Big KRIT – King Remembered in Time Mix Tape Review


Big K.R.I.T is in a point in his career where he has been one of the most consistent artists in the hip-hop realm today. When it comes to a quality to quantity ratio, K.R.I.T is above all other competition . Just to put it in to perspective, since 2010 he has released 3 mix tapes :”Krit wuz here”, “4 evaNaDay”, and  “Return of 4 eva”. Last year he released his full studio album “Live From the Underground” and now with the new release of “King Remembered in Time” his mix tape count is now at a total of 4 within the past three years. The pinnacle of his success actually came with the release of “4 evaNaday”. This project was renounced as his best piece of work, being a concept album about each and every waking moment of a day in Krit’s life.  When it comes to his mix tapes, they are actually more like fully fledged albums. With great consistency though, comes familiarity within each of his projects. This isn’t a bad thing, just don’t expect anything out of the ordinary in each of his projects. With that being said, “King Remembered in Time” actually does step out of the boundaries of a normal record he would put out. This record is one of his most ambitiously produced projects to date.


Big Krit has it all.  Lyrics, catchy hooks, and most importantly: the skill to produce his own music. He produces all of his work and has been doing so with all of his projects. As I have mentioned before, there are certain drawbacks to point out. For one, you will find that many of his tracks sound similar to one another.  On the track “Shine On” there is a prominent funky guitar riff that is used in many of his other songs. His production in itself is actually very prominent. An avid listener can most likely point out one of his produced instrumentals within the first 30 seconds of listening to the track with ease. What’s interesting though is that his music can feel very similar to his past work yet still seem fresh and new.

On this project, there is a lot more atmospheric and slow paced songs compared to any of his other works. He has songs like “Meditate”, “Banana Clip Theory”, “REM”, “Serve this Royalty”, “Bigger Picture”, and “Life is a Gamble” that are completely driven by  smooth, jazzy, and soulful production rather than his hard hitting/ trap production some of us are used to.  To shine light on one song in particular, the track “REM” is a production feat. He took James Blake’s “Wilhelms Scream”, chopped and cut it up, added some piano, more bass, and came up with one of his most well produced tracks on this project. Heck, I’d go as far as saying of all his work. In order for some of you to admire what he has done, I highly recommend listening to the previous track mentioned. Then listen to “REM”. You will hear so many different intricacies added that you would have guessed it being on the sample track beforehand. This track is a testament to what he can do with his producing work and it doesn’t end there. Another great produced song is the sensually produced track “Meditate”. The track holds a sweet smooth bass line, subtle guitar riffs, and these weird faint bubble pops within the back ground. This makes up for a real intimate and sensual track that keeps you mesmerized with the personal lyrics being laid out on the track.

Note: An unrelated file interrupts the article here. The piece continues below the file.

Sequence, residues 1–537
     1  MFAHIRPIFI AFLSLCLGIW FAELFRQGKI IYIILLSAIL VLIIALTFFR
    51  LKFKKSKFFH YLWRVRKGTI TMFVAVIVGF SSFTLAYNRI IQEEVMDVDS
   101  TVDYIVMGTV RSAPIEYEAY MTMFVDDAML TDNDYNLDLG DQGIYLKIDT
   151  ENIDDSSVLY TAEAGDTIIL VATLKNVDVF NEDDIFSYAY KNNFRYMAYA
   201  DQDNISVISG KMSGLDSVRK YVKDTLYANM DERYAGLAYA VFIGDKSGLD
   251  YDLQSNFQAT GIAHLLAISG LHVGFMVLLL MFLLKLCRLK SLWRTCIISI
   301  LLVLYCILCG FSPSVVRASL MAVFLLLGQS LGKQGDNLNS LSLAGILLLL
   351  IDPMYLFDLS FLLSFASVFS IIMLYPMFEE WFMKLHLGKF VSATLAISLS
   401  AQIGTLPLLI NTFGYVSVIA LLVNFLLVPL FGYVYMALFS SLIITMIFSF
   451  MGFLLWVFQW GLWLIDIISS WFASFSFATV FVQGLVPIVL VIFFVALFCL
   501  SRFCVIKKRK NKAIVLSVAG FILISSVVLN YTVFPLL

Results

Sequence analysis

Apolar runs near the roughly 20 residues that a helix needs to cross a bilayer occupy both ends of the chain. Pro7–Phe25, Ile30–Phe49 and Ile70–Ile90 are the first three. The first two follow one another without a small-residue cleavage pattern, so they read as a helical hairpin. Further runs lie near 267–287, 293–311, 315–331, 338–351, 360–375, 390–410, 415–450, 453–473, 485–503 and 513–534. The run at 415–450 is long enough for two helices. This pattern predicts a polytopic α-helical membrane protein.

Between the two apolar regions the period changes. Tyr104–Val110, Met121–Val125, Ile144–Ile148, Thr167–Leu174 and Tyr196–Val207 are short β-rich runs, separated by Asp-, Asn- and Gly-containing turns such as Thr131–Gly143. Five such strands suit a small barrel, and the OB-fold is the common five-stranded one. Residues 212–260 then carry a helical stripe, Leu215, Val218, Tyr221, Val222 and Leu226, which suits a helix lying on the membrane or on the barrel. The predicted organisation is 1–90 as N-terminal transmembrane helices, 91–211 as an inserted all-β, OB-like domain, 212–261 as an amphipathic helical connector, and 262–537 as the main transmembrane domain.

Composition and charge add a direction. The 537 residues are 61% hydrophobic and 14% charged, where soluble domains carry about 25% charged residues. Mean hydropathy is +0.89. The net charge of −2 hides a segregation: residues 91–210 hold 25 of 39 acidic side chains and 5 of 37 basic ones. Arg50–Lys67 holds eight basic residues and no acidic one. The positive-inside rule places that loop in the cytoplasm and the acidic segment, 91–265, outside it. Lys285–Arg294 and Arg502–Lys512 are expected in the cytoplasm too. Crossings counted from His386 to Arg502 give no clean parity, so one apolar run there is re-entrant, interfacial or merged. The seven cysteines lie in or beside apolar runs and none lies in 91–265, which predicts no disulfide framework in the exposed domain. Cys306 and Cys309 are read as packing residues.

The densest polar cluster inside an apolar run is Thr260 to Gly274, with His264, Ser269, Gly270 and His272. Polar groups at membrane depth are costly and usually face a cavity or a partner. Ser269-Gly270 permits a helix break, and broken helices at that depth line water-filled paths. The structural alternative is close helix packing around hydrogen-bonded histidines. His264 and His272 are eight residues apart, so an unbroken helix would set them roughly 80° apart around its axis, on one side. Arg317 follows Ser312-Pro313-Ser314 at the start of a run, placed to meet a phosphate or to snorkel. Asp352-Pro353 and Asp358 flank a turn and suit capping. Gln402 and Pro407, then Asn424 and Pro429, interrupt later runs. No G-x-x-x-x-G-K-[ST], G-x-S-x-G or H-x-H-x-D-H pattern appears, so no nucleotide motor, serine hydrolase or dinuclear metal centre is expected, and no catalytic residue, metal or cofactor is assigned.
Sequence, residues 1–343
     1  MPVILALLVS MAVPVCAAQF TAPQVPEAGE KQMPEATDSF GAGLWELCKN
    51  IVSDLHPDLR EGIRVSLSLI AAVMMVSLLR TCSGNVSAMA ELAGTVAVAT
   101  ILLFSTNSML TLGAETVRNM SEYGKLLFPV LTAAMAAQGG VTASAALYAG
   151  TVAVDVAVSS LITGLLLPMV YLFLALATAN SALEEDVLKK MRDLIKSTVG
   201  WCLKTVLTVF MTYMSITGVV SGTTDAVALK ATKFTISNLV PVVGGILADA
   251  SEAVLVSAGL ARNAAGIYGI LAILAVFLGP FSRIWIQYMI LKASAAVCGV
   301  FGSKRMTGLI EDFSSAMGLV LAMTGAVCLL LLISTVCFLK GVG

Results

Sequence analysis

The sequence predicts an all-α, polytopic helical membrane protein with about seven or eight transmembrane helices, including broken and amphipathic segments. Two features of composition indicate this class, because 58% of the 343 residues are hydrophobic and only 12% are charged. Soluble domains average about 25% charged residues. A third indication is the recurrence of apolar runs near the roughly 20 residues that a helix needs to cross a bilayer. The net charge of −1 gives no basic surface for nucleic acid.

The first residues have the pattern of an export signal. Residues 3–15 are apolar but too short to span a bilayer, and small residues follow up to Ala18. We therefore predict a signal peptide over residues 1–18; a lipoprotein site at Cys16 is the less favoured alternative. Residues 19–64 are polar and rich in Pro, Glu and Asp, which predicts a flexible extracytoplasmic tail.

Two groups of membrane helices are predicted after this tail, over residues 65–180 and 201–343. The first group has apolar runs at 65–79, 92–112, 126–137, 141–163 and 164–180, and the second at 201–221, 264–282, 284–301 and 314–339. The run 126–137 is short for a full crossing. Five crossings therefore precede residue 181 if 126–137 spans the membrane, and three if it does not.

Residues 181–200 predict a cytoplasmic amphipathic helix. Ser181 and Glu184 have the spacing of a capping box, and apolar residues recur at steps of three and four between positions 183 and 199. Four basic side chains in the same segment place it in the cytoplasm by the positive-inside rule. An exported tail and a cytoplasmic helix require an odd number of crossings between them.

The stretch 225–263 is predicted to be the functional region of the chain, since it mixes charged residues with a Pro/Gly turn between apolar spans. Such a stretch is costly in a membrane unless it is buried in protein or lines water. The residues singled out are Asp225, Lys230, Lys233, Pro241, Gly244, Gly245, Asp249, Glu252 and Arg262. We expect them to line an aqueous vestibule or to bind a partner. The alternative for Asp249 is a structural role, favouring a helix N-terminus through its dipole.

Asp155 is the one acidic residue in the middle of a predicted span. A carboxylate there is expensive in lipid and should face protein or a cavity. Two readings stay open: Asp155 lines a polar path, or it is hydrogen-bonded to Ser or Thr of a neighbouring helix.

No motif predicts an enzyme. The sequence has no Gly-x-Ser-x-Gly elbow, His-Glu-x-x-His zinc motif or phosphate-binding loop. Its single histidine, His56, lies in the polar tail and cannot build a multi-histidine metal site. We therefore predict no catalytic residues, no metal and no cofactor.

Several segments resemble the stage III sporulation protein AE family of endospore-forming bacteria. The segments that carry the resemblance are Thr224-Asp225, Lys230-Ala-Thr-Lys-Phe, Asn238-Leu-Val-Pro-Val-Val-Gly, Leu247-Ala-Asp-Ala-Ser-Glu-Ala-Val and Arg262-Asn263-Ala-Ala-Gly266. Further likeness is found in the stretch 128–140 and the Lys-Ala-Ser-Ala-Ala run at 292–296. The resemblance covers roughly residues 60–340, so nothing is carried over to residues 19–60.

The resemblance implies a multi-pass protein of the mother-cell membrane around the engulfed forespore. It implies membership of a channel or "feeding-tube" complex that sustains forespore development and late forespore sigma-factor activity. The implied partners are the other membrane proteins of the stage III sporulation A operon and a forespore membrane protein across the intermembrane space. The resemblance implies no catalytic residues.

“King Remembered in Time”, to me at least, isn’t a record you reach for when you are in the mood for some heavy hitting music. Though there are a handful of tracks that do carry those type of characteristics. One of the first bangers on this project is “Talkin Bout Nothing”. This track starts off with these odd chimes going back and forth, with some massive bass dropping at the chorus of the song. Another track would have to be “My Trunk”. The bass on this song isn’t exactly fitting for the title. I feel that “Talkin Bout Nothing” has more hard hitting bass than this song, but nonetheless it should still be considered an upbeat, hard hitting type of song. This track begins with a guitar solo in the background, which then transitions to a rocking guitar riff that begins at the chorus. The few hard hitting tracks in this project are great but there are most definitely no “Country Sh*t” types of songs on here. What this project does succeed in is setting up a platform for the many lyrical songs littered across this project.